Spread a little risk for the family: Endowment policies are not always best to pay for school fees. Sue Fieldman passes on a few lessons

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The Independent Online
Parents who have taken out endowment policies to pay for school fees could have to dig deep into their pockets to make up a shortfall in the payout.

Endowment policies are often sold as an ideal vehicle for school fees planning - perhaps not surprisingly when financial advisers earn a thumping great commission on them.

However, turbulent investment conditions have resulted in insurance companies reducing their bonus rates, thereby cutting the final payments.

Martin Jones, senior manager at the chartered accountants Coopers & Lybrand, said: 'I expect returns to continue reducing over the next few years.

'There will be a whole raft of policies maturing next year - the 10-year policies that were taken out in 1984 just before they stopped giving the subsidy on premiums. That will really be a time to hang on to your seats.'

If you have an endowment policy that is mid-term, stay with it. However, get advice now on whether it is necessary to make alternative investments in the event of a shortfall in the amount needed to cover the fees.

Despite the reduced returns, Mr Jones reckons that endowment policies still have a place in school fees planning.

However, he believes they should not be as near the top of the list as some financial advisers - with their hands firmly placed on their wallets - put them.

Mr Jones said: 'There are some good points to endowment policies. But they are very inflexible, and they are not really very tax- efficient. Surrender values can also be very poor in the early years of the policy's existence.'

He suggests that you should look at investments such as tax- exempt special savings accounts (Tessas), National Savings certificates and personal equity plans.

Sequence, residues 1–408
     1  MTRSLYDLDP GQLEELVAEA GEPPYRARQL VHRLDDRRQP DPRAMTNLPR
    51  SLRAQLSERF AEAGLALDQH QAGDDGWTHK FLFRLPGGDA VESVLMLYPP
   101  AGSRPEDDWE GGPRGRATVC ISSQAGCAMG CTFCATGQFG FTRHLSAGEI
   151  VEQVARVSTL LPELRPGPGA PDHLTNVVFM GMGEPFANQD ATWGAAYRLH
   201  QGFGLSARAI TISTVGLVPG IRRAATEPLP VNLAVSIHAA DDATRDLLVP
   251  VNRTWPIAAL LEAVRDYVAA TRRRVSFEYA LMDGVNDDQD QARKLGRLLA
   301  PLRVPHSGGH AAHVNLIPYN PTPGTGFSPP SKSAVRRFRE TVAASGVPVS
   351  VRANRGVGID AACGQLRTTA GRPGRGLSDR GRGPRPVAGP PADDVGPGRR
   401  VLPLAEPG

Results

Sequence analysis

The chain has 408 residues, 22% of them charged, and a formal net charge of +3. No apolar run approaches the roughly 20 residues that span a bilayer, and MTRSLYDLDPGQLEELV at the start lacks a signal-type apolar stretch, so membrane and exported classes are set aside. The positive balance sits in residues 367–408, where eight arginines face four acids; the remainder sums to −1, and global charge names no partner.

It is also worth investigating other regular savings plans such as investment trust savings schemes or unit trust regular savings before you automatically plump for the endowment policy route.

School fees planning is all about chosing a variety of investments. Joe Collins, of Invest for School Fees, said: 'You have to go for the mix-and-match approach.

'You must not have 100 per cent PEPs or unit trusts or other equity investments, otherwise you could be caught out.'

If your adviser offers you only one investment vehicle for school fees, always ask why. You should get advice from a number of sources and always compare the schemes on offer.

But remember that most schemes marketed as 'school fees plans' are little more than familiar well-worn investment products - frequently endowment policies - dressed up for the purpose.

Ian Pilbeam and his wife Diana have three children - Natalie, aged 11, Sally, who is eight, and Cheryl, who will soon be three.

Mr Pilbeam, a director of the Creative Centre, a design and marketing agency in London, at present pays pounds 1,530 school fees (without extras) for the two older girls.

In September, Natalie changes schools and the joint fees will rise to pounds 1,870. He was unable to plan ahead for their school fees.

Next year Cheryl will start private school. This time Mr Pilbeam intends to join the ranks of the 20 per cent of parents who have made some attempt at school fees planning.

To this end he saw a financial adviser this week who was offering a 'school fees plan'. He was singularly unimpressed.

Mr Pilbeam said: 'We do not have any Tessas, PEPs or saving schemes, but all he talked about was an endowment policy for the school fees.

'Then he switched to talking about other sorts of life insurance.

'He was a very pleasant person - not at all pushy - but he did seem to be only interested in insurance.'

(Photograph omitted)

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